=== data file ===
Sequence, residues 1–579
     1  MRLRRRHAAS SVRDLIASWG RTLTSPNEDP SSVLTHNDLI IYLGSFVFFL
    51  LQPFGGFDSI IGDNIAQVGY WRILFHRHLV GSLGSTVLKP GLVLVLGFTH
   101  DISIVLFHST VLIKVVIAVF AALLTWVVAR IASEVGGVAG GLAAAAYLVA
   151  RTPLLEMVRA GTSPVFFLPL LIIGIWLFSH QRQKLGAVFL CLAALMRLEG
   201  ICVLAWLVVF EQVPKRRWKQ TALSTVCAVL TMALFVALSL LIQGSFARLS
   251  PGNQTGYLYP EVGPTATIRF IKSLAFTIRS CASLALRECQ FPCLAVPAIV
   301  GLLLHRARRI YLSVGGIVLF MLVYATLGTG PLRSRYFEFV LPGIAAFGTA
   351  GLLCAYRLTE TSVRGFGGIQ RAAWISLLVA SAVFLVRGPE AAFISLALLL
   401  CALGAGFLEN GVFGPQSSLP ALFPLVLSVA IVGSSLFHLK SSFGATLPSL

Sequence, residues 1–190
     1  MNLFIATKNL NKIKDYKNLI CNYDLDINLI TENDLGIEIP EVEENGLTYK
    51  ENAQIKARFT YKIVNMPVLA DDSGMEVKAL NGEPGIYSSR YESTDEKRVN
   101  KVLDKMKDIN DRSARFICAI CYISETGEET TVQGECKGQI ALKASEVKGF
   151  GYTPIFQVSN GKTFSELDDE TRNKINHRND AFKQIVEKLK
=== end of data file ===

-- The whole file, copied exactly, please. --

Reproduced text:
Sequence, residues 1–579
     1  MRLRRRHAAS SVRDLIASWG RTLTSPNEDP SSVLTHNDLI IYLGSFVFFL
    51  LQPFGGFDSI IGDNIAQVGY WRILFHRHLV GSLGSTVLKP GLVLVLGFTH
   101  DISIVLFHST VLIKVVIAVF AALLTWVVAR IASEVGGVAG GLAAAAYLVA
   151  RTPLLEMVRA GTSPVFFLPL LIIGIWLFSH QRQKLGAVFL CLAALMRLEG
   201  ICVLAWLVVF EQVPKRRWKQ TALSTVCAVL TMALFVALSL LIQGSFARLS
   251  PGNQTGYLYP EVGPTATIRF IKSLAFTIRS CASLALRECQ FPCLAVPAIV
   301  GLLLHRARRI YLSVGGIVLF MLVYATLGTG PLRSRYFEFV LPGIAAFGTA
   351  GLLCAYRLTE TSVRGFGGIQ RAAWISLLVA SAVFLVRGPE AAFISLALLL
   401  CALGAGFLEN GVFGPQSSLP ALFPLVLSVA IVGSSLFHLK SSFGATLPSL

Sequence, residues 1–190
     1  MNLFIATKNL NKIKDYKNLI CNYDLDINLI TENDLGIEIP EVEENGLTYK
    51  ENAQIKARFT YKIVNMPVLA DDSGMEVKAL NGEPGIYSSR YESTDEKRVN
   101  KVLDKMKDIN DRSARFICAI CYISETGEET TVQGECKGQI ALKASEVKGF
   151  GYTPIFQVSN GKTFSELDDE TRNKINHRND AFKQIVEKLK